I have always been a modest person, and I think I got that from my mom. It may have been a generational thing (she was born in the 1940s), or a cultural thing (she was born and raised in South America).

In any case, I remember that once I got a little older (maybe around first or second grade?), I wasn’t allowed to take baths with my brothers anymore, and I was always instructed to get dressed and undressed in the bathroom, by myself, behind a closed door.

This stuck with me, and as I have aged, I have continued to be a demure person…whether it be at the doctor’s office, in the shower and locker rooms at the gym, or even in the privacy of my own apartment.

Enter labor and childbirth…

After having two kids, modesty has pretty much gone out the window.

What have I got to hide because it seems like everyone in the hospital has already seen parts of my body that I myself have never seen?

For example, I don’t feel uncomfortable breastfeeding my 9 month old in anyone’s presence (family or guests) at home, but I do wear my “Hooter Hider” if we are in a public place, like the playground. (Although I will say the Hooter Hider is not so much because of my modesty, but because I feel bad about raising the discomfort level of those around me.) By the way, a Hooter Hider is a type of nursing cover.

There are other cases where I have become not so modest….although it is also a matter of convenience. Let me explain. In the mornings when I get ready for work, my hubby is usually already gone. If the baby is already awake, I usually just bring her into the bathroom and let her play on the floor while I undress, shower, and then get dressed.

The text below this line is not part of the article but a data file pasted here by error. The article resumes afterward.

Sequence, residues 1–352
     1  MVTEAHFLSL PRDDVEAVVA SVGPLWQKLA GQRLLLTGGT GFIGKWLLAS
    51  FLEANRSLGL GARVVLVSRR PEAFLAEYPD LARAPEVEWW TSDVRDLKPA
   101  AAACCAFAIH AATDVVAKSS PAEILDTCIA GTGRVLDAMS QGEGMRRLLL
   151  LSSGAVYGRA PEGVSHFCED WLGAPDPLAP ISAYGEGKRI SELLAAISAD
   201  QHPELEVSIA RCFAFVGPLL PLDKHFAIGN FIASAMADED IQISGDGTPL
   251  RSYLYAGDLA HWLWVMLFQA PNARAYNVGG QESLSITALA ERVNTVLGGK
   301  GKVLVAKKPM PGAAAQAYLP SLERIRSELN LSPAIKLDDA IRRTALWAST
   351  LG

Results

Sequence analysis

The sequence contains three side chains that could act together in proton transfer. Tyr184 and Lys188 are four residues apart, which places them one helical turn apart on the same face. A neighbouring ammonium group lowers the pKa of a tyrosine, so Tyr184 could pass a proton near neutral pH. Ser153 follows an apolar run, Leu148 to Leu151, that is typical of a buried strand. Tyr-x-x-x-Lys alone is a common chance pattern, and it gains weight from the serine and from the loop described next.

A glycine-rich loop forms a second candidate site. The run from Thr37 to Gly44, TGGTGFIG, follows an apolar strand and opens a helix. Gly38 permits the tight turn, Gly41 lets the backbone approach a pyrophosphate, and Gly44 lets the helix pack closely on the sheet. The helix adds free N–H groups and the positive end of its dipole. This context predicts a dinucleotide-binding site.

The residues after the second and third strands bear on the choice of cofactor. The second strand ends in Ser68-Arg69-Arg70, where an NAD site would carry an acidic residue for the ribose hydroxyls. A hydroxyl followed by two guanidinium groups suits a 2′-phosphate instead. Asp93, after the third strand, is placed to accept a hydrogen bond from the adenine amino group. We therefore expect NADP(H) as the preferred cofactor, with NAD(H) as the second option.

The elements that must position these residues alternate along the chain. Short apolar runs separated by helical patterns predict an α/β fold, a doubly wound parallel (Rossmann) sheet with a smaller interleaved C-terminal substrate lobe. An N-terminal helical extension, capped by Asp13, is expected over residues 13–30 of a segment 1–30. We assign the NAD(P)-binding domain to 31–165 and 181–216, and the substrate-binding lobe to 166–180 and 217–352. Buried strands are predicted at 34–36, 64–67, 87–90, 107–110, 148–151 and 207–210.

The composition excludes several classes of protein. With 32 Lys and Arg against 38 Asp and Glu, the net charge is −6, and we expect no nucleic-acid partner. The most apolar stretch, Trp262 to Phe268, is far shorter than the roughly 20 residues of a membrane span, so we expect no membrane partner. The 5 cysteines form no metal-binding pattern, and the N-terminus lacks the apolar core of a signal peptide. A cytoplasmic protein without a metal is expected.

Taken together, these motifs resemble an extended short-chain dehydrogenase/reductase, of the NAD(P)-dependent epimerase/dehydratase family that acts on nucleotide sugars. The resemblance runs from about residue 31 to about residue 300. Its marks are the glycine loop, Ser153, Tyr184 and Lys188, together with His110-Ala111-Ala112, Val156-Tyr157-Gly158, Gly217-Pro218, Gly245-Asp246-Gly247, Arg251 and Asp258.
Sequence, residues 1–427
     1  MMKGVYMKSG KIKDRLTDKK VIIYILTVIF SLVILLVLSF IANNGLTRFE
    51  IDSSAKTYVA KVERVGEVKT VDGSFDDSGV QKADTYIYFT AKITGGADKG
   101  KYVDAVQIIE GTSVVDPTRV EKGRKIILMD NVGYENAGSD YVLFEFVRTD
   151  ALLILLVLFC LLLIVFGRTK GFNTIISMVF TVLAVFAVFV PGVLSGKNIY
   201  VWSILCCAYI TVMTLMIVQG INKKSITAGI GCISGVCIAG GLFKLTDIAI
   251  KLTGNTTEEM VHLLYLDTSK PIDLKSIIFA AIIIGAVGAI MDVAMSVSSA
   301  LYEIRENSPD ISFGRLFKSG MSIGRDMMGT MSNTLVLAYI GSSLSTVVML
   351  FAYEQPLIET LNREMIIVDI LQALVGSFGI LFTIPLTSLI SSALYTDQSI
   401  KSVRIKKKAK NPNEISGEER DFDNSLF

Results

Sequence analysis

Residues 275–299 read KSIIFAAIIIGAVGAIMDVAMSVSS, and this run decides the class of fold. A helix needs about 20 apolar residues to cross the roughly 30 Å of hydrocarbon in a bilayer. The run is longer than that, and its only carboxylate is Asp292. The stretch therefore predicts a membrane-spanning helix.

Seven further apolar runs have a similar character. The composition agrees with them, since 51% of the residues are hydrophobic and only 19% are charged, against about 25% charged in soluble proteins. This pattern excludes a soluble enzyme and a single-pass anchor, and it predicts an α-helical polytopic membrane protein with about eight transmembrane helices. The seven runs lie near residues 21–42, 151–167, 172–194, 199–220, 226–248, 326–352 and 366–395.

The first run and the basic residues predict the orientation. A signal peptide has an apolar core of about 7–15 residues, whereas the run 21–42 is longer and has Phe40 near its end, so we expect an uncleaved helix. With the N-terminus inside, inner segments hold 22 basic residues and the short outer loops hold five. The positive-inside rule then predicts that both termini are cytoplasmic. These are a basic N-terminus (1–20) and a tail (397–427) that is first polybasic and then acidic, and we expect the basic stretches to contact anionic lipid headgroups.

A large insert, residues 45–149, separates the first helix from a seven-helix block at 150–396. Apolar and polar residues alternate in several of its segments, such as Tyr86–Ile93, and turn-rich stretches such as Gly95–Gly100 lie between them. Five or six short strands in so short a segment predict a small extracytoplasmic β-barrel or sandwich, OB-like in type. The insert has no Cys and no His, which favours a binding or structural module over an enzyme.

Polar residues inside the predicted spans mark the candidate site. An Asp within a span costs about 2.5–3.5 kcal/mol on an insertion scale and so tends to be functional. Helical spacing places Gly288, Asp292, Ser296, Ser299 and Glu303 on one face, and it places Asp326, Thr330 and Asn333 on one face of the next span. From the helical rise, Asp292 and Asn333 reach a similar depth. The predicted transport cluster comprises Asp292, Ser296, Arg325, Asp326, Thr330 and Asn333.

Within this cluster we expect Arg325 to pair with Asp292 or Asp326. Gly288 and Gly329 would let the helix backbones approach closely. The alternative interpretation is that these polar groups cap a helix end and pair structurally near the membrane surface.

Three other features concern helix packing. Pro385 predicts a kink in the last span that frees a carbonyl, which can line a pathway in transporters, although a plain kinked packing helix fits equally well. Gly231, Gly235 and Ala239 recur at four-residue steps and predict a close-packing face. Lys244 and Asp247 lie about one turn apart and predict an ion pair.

Sometimes, if my four-year old is also awake, she wants to take a shower with me. In order to expedite the morning (i.e. not deal with meltdown and bad drop-offs at childcare), I will often let her hop into the shower with me while the baby plays on the floor. In the afternoons or evenings, if I need to use the restroom, I usually do it with the baby playing on the floor and with the door open so that my ears can keep tabs on the environment since my husband isn’t usually home from work yet.

So last night, my husband was home early, and I needed to use the bathroom. I closed the door (why didn’t I lock it!?) and felt somewhat relaxed knowing that my hubby had things under control in our living space. But not one minute later, my four-year old started knocking on the door because she wanted to “tell me something.” Really? What is it that cannot wait until I leave the restroom?!

I didn’t answer the door. She started knocking harder. I still don’t answer….so she just opened the door and came in!

I just wanted to start crying. Isn’t the bathroom supposed to be a type of sanctuary? While I am not a modest person….when did I lose my privacy?

According to Merriam-Webster’s dictionary, privacy is defined as “1a – the quality or state of being apart from company or observation”, “1b – freedom from unauthorized intrusion”, and “2 – a place of seclusion”. Those all sound lovely – sign me up!!

Help moms!  I need help with my new year’s resolution to get some more time for myself…how do I get some privacy while I take a shower and/or go to the bathroom? And, can someone help me explain the concept of privacy to my children?

This is an original post for World Moms Blog by Eva Fannon.  Eva can be found on Twitter @evafannon.

Photo credit to Towle Neu http://www.flickr.com/photos/motherscratcher/2247547489/.  This photo has a creative commons attribution license.

Eva Fannon (USA)

Eva Fannon is a working mom who lives in the beautiful Pacific Northwest with her hubby and two girls. She was born and raised on the east coast and followed her husband out west when he got a job offer that he couldn't refuse. Eva has always been a planner, so it took her a while to accept that no matter how much you plan and prepare, being a mom means a new and different state of "normal". Despite the craziness on most weekday mornings (getting a family of four out the door in time for work and school is no easy task!), she wouldn't trade being a mother for anything in the world. She and her husband are working on introducing the girls to the things they love - travel, the great outdoors, and enjoying time with family and friends. Eva can be found on Twitter @evafannon.

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